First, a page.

The Fed

This past Wednesday night, I found myself watching the Republican Presidential debate on CNBC.  This was the first time I had been able to watch a full debate without having to leave, flip the channel, or do things in other rooms.  I always find it important to watch such debates because it allows me to compare each of the main candidates next to each other.  At one point, a couple of candidates brought up the notion that they would abolish The Federal Reserve.  (This was Texas Governor Rick Perry and Texas Congressman Ron Paul.  I’m sorry if I have forgotten any other candidate that agreed with this.)  Earlier in the night, on a topic completely unrelated to this one, former-House Speaker Newt Gingrich actually criticized his fellow-Republican candidates for not knowing history.  And completely abolishing The Federal Reserve (the Fed) could bring us into another economic meltdown… as it has happened before.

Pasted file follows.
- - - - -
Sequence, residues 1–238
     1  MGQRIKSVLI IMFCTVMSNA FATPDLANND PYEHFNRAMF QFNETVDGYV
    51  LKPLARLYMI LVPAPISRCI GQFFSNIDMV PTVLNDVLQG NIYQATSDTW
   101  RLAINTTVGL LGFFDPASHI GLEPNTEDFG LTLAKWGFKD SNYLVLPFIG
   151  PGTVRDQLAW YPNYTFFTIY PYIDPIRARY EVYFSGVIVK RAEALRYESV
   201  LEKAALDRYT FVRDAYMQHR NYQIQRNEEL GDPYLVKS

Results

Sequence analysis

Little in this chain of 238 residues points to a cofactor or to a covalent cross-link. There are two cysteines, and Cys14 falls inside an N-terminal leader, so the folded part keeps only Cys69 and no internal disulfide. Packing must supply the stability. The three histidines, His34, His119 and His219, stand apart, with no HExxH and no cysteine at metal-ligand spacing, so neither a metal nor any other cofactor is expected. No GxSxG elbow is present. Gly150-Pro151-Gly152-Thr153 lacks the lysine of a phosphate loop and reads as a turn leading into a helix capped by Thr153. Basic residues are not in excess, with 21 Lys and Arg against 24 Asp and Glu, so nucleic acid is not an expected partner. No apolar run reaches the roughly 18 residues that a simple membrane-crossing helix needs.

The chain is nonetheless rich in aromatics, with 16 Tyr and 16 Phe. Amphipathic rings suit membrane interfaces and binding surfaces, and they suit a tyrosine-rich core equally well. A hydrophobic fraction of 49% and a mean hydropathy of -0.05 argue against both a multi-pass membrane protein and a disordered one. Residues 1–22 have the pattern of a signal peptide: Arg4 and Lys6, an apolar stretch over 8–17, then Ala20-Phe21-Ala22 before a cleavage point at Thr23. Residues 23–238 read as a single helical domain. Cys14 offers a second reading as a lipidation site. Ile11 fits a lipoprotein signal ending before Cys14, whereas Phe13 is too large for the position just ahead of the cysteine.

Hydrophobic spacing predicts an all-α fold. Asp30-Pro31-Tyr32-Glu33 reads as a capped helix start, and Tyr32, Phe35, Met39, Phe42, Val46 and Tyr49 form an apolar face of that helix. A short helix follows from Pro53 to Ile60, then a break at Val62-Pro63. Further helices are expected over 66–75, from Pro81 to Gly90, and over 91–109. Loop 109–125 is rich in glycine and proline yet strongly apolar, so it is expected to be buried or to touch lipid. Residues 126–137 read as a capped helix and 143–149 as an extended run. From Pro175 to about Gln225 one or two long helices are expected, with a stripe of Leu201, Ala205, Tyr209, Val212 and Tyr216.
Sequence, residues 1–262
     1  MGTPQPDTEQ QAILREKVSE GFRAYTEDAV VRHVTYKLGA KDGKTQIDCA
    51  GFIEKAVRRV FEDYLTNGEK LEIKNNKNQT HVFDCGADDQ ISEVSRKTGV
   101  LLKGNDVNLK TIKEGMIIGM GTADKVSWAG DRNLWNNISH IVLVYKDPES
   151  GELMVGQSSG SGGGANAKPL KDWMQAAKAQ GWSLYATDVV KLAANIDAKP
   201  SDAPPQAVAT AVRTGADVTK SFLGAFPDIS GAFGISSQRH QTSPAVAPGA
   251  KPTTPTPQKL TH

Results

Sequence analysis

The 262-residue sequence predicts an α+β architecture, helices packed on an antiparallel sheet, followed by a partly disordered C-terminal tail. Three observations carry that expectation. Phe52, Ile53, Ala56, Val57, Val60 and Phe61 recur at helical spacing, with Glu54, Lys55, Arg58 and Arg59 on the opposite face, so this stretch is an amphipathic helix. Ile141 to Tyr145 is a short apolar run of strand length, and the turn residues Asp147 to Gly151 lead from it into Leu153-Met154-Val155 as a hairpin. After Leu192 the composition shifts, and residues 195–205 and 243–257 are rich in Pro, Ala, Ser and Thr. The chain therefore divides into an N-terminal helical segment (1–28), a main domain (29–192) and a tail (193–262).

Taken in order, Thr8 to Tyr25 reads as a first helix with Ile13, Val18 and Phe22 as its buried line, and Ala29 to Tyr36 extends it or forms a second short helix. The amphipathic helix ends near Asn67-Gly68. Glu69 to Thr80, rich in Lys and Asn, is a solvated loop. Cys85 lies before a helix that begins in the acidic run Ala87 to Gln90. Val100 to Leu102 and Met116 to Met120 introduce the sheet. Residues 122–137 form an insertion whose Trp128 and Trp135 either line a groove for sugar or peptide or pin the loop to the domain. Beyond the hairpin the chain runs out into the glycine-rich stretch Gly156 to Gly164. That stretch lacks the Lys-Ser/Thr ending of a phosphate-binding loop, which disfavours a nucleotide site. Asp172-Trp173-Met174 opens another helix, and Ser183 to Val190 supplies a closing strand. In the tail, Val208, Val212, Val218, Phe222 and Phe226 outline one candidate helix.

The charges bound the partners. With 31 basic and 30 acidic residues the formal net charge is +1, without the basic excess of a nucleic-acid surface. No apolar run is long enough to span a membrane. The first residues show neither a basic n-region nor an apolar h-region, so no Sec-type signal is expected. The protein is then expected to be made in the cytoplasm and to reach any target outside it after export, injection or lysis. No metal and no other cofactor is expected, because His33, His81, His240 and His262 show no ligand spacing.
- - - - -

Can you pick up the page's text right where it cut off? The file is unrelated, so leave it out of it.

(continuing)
The Federal Reserve was created on December 23, 1913, with the enactment of the Federal Reserve Act.  However, the Fed was not the first national bank within the United States.  The Bank of the United States (later known as the First Bank of the United States) was created under Treasury Secretary Alexander Hamilton during the administration of President George Washington.  It was part of the negotiated deal between Hamilton and House-Speaker James Madison that placed the nation’s capital city along the banks of the Potomac River (though Washington, himself, would pick the exact spot).  The First Bank of the United States was in operation from 1791-1811 when it’s charter expired under the administration of President James Madison (the vote to renew the charter failed by one vote in the House of Representatives).

The Second Bank of the United States was chartered in 1816… only 5-years later.  It had been created because of the war of 1812… and done so by many of the same people who had refused to renew the first bank’s charter.  Why was this done?  The United States was suffering from severe inflation and could barely afford to pay for military operations during the War of 1812.  Also, the credit and borrowing status of the nation was at its lowest level since the nation’s founding.  Having dissolved the First Bank of the United States had led to a small financial problem since there was no national bank to oversee the entire financial system.